Filed under fractions, geometry, math, Uncategorized

## Adding fractions – phew!

Who needs LCM ?

First, three views of LCM with no comments :

### 1: Change them to equivalent fractions that will have equal

denominators. As the common denominator, choose the LCM of

the original denominators. Then the larger the numerator, the

larger the fraction.

### 2: Jun 26, 2011 – If b and d were same it was easy to find LCM

since if denominators are same, we just need to find LCM of

numerators, hence LCM of (a/b) and (c/b) would be LCM(a,c)/b.

So we have to first make denominators of both the fractions same.

Multiply numerator and denominator of first fraction by LCM

(b,d)/b.

### 3: The GCF and LCM are the underlying concepts for finding

equivalent fractions and adding and subtracting fractions, which

students will do later.

Now we can do fraction addition without LCM. It just needs the use of the distributive law, and the result shows the way in which the divisors combine.

And now using 3/4

But the best one is via multiplication ……

Now for multiplication and division.

Filed under algebra, arithmetic, fractions, Uncategorized

## The Sun Also Rises

What an inspiring country!!!! Guess where I’ve been the last couple weeks. Let me give you a hint: There is virtually no litter, no profanity, no violent crime, no graffiti, and no public smoking. And I’m not talking about just those civil middle class folks (although this country claims that 90% of its people are… Read more »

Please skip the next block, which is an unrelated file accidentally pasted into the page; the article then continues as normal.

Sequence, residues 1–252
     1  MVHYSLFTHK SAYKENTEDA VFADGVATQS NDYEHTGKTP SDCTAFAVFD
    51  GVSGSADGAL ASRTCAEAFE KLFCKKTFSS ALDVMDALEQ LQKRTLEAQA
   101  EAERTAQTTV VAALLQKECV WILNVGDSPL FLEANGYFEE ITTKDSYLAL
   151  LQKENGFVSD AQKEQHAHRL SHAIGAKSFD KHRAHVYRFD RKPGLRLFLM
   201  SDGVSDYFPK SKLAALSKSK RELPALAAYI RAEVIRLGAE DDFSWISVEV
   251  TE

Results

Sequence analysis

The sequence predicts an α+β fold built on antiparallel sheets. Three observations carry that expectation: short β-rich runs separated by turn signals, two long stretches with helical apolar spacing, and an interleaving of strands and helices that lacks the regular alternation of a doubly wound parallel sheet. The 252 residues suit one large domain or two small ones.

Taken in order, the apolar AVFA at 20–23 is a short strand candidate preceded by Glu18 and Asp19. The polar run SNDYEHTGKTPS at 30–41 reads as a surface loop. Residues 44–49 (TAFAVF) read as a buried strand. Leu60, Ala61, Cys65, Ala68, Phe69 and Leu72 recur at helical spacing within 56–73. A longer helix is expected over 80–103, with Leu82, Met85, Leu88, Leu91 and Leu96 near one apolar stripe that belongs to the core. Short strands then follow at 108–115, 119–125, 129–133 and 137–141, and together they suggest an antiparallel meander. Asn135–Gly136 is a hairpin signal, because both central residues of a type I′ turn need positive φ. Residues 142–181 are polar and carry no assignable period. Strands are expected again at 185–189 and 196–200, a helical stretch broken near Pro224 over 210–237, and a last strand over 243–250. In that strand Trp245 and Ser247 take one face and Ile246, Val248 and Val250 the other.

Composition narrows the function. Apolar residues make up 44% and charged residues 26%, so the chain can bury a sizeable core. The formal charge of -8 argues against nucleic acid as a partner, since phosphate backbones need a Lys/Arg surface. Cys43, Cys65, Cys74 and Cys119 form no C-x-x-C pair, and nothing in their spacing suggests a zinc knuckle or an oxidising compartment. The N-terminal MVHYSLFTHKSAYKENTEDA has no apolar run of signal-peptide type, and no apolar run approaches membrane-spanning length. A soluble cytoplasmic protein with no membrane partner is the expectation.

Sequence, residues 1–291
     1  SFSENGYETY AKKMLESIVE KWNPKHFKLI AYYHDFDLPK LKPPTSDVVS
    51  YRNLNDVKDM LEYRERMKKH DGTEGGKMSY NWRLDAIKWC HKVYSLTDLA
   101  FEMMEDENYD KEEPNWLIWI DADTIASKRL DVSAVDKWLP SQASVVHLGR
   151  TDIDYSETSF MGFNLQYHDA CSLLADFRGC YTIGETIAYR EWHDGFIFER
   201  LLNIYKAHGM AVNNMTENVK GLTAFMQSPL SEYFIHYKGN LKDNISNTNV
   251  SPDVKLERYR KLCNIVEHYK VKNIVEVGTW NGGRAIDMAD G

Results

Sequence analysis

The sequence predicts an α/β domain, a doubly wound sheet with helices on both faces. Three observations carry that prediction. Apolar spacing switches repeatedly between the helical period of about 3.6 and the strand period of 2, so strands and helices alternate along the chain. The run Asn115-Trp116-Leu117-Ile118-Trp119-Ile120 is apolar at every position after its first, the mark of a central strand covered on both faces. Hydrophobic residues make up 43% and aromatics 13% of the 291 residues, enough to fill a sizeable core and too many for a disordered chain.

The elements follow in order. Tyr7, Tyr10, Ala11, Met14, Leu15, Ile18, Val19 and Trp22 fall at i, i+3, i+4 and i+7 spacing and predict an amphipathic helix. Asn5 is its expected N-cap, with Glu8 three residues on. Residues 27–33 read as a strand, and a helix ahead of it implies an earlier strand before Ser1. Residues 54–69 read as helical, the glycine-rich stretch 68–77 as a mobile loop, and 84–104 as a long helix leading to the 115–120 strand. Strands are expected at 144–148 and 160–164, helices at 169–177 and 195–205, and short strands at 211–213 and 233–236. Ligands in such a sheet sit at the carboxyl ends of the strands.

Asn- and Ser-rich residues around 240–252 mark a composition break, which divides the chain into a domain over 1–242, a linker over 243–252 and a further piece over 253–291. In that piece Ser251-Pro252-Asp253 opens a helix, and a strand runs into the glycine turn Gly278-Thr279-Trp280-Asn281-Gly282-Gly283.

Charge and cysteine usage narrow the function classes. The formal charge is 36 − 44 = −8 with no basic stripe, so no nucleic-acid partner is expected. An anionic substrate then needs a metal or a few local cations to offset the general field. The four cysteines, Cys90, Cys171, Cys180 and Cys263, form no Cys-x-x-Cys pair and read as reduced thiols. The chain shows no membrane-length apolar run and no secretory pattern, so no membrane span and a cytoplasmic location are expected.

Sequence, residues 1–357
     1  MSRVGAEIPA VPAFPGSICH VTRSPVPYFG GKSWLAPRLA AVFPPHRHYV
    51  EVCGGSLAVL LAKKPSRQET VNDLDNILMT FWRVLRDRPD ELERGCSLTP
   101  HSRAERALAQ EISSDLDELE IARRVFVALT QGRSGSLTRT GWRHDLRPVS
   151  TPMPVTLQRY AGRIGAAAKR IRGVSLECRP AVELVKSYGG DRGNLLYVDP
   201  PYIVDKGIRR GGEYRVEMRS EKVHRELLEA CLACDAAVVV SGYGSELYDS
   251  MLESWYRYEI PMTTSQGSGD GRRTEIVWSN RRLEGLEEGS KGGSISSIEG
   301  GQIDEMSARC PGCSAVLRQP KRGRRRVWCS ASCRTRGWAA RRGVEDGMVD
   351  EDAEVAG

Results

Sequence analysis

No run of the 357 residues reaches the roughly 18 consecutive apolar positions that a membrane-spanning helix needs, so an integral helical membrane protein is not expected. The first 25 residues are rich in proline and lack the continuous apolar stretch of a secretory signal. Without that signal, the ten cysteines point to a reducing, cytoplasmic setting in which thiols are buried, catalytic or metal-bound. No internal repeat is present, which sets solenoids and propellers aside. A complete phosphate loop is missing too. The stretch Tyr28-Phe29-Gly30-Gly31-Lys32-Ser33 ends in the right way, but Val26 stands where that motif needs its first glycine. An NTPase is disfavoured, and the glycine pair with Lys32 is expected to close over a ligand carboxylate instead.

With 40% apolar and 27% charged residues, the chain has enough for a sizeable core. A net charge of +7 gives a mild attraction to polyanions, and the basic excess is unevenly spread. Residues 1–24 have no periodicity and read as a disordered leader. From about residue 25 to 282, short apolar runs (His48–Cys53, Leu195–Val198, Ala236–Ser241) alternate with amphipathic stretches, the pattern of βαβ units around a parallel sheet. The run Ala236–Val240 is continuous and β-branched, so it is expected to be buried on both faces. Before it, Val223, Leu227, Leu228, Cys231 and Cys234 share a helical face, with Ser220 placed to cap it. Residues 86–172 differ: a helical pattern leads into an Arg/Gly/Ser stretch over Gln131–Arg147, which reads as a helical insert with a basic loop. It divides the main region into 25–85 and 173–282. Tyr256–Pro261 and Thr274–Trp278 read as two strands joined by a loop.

Source: The Sun Also Rises

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## Seymore Papert -logo and more

Many thanks to Junaid Mubeen for this fascinating article about Seymore Papert (father of A.I.)

A good read !

Filed under logo, Papert, Uncategorized

## Pokemon Go – a new purpose for Edtech

I found this on Medium

Gracias to Junaid Mubeen

Oxford Mathematician turned educator. @HGSE ’12. Head of Product @MathsWhizzTutor. Long-distance runner. Anagrams. http://www.fjmubeen.com

18 hrs ago6 min read

Filed under education, math apps, Uncategorized